“‘Wondrous Love’ is a great Lenten hymn,” mumbled Elmer Morgan, organist at Parkhurst Methodist, over his fourth cup of coffee, “So it’s always disheartening to realize Lent after Lent that Jesus’ wondrous love doesn’t extend to lifting the curse of Daylight Saving Time from our souls.” Down the street at Spiritstone Reformed, the worship band reportedly slammed multiple energy drinks before the main service, noting forlornly that no outpouring of the Holy Spirit had made up for that one lost hour of sleep. Only bassist Chas Tietze abstained from energy-drink consumption, “But that’s only because,” drummer Mark Lorenzo observed, “He can play these sets in his sleep, and frequently does.”
Friday Food and Drink Post: Calling All Coffee Snobs prompted lively comments and cued a memory. It turns out that @she uses a moka pot, by Bialetti. This simple, rugged design serves up a strong cup of coffee with some froth on top. The action is similar to a percolator, but more vigorous, giving you a froth on top similar to expresso. The device was invented by an Italian in the 1930s and is mostly popular in Europe and Latin America.
Seeing a photograph of @she’s coffee maker reminded me of my first college roommate. He was a naturalized U.S. citizen who got out of Cuba with his parents via Spain. He was also overly ambitious about numbers of classes and activities, so he would get way behind, and suddenly try to buckle down and get assignments, papers, and study done.
You see, we were at the University of Chicago, where, at the time, they had to throw students out of the main library Saturday evening so we would have some social life. More precisely, we were being nudged to have a social life beyond the snack shop in the basement of the library, with everyone seeing if you were slacking or getting a quick snack before diving back into the carrels. So, the university and the student body were all on board for academic rigor and excellence, no slack cut.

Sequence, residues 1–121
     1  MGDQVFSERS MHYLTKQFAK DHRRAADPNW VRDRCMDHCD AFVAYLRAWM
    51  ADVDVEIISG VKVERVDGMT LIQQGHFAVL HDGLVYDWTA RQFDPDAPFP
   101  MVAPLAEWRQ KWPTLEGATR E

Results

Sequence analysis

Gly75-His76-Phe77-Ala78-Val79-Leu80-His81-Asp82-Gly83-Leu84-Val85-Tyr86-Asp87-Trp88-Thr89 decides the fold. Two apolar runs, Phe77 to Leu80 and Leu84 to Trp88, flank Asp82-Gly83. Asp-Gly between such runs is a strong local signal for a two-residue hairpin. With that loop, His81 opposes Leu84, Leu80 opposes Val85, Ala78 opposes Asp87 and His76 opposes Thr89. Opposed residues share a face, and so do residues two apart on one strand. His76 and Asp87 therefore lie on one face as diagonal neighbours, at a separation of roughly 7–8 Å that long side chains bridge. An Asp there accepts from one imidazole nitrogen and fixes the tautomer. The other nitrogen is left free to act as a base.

My questions for you today are simple. Where is the best-tasting coffee in the world grown? What are the best beans? What is the best roast? Do you like dark or light or (perish the thought) blonde? Is it worth purchasing coffee which is grown in the foothills of the Himalayas and harvested bean by […]
A few years ago, my company was forced to spend millions of dollars proving that our products do not contain “conflict minerals,” or raw materials produced in war zones. A fool’s errand, if you ask me, because it is nearly impossible to prove where all of the raw materials used in any product originated.
I was just in my local Starbucks, and I noticed they have a small blackboard where they list “Starbucks Reserve Coffees.” One of today’s Reserve selections is D. R. Congo Kawa Kabuya.
On one of @simontemplar‘s threads, we were conversing on the size of coffee/tea mugs. About the largest decent mugs one can find run about a pint. In this age of the trente latte, that is unconscionable. Now, one can find mugs up to 24 oz., but they tend to be large open affairs. Preview Open
One of the smartest decisions that my husband and I ever made was leaving California more than 10 years ago. The state is once again trying to make an obscene intrusion on the lives of Californians, and they are truly insane this time. (Yes, I know they’ve gone insane before, but this one is, for this coffee drinker, over the top.)